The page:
by Ravi Tandon
Our religion and education preaches us to let go of things. Life is a temporal phenomenon, a process that is ever in motion, and yet we seem to love the perceived static nature of things, which generally is untrue. The case with love, money, food and almost any sort of pleasure is just the same. We seem to hold on things for too long, till they seem to hurt us and then we let go. Strange are emotions.
Over the years I have always wondered how would I as an individual contribute to the society. As a student I had always believed in the fact that I would be able to easily help those in need up to my powers. I do not feel a great deal of attraction towards wealth that I could save. As I entered into a new phase of life, beginning with my job and a corporate life, I realized my reluctance to give away with my ‘possessions’.
There is a mental image we create of ourselves, a cocoon in picture. This image projects us as being the righteous, morally and ethically correct person and yet in reality when you try to look through others’ point of view reality is a lot more different. I may view my self as a person trying to help others, being kind to them and being empathetic to their feelings. Yet, a reality check forces you to think otherwise. Our society functions on a material driven success criterion. As children we are taught to become winners, to be the first in almost every race we partake. Therefore, why would we ever want to lose out on the amount of money we have in our accounts. If that is a metric of our “success in life” which sane person would ever want to go and throw away his lead. This essentially means we are reluctant to give away with our money, which leads to an imbalance in the society – a heavy tailed distribution of wealth, where a few are highly rich and a large number remain poor.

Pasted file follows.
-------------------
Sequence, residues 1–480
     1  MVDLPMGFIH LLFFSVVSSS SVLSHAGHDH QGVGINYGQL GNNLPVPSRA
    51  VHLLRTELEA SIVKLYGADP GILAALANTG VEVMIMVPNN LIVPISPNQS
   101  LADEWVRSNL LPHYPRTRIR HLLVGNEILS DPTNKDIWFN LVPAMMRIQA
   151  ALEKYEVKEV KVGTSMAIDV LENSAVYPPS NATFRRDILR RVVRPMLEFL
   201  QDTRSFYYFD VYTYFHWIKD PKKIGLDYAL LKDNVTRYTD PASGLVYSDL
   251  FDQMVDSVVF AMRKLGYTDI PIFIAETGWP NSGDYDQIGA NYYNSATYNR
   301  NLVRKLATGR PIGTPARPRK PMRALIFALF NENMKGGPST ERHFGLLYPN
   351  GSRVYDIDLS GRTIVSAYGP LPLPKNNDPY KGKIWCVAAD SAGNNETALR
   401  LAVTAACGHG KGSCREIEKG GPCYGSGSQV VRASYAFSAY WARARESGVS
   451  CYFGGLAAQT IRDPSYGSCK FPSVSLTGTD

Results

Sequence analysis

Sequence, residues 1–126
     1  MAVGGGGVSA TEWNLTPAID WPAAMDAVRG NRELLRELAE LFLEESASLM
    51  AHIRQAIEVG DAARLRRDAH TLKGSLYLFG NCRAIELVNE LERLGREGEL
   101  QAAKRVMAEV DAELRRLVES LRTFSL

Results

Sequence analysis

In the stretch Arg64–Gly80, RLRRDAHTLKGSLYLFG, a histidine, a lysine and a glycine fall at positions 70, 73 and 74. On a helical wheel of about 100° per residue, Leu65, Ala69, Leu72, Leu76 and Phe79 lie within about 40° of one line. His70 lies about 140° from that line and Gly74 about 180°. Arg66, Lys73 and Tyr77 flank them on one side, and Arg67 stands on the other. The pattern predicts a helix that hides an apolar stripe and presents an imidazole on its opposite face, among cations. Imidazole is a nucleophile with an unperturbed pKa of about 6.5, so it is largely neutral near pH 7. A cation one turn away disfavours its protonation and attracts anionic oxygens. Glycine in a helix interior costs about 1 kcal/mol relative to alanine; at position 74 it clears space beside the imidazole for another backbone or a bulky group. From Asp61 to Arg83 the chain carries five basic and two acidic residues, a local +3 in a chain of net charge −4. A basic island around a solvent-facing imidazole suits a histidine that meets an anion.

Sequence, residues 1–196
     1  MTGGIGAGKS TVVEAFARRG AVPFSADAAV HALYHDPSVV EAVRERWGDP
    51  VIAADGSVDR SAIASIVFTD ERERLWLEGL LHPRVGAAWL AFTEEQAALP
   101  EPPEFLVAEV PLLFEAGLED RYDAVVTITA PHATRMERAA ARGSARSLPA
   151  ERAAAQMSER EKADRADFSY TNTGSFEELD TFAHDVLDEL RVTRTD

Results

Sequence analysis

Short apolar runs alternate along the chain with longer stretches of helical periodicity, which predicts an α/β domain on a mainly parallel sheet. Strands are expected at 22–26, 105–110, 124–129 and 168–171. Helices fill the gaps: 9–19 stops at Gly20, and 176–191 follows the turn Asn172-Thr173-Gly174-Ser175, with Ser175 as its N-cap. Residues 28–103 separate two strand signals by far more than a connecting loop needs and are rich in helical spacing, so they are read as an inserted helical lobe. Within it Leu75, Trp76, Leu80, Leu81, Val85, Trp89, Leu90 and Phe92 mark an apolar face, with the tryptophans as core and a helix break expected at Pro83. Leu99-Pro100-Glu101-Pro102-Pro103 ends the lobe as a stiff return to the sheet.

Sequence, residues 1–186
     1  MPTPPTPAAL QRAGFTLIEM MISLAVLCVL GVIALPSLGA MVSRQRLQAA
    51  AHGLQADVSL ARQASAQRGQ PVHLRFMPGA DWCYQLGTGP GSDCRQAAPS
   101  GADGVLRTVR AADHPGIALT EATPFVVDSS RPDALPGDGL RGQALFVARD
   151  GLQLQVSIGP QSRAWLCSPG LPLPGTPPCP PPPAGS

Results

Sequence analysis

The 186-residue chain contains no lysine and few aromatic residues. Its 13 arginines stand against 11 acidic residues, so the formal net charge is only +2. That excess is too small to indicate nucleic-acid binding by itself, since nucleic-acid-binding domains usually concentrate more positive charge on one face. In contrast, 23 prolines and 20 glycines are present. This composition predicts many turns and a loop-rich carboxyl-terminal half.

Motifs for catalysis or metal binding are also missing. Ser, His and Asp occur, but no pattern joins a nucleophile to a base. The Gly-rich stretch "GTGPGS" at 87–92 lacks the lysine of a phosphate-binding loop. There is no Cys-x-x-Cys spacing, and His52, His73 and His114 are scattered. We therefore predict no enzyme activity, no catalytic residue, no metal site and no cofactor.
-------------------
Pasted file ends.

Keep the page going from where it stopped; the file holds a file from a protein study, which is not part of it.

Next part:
The phenomenon of hoarding is so deeply rooted in our minds that the justification to not give away money seems so comfortable that we start losing apathy towards those in trouble and become simply oblivious to others. A very simple example could be an old lady that sits on a small fruit stall that I walk by every day to my office. Sometimes I wonder, what can I do for her, give her some money do something that could improve her life etc. There are no answers. The saddest part of the whole experience is that I do not even feel sad at her dilapidated state of life. Sometimes I feel more helpless than her, for she is powerless and so has lesser guilt than me. I have some powers, some wealth, youth, time and enthusiasm and yet I ignore her. Sometimes that stare of her makes me wonder whether it is me looking with disappointment towards myself.
So, I guess I decided to go ahead and donate some money. Although, logically that does not solve any problem and is nothing in comparison to what could be done. It is something that makes me aware of what I need to do. It makes me focused towards something I wish to do. I want to break that cocoon of self-glory and live a life where I really bring smiles to people’s faces. Hope that happens some day .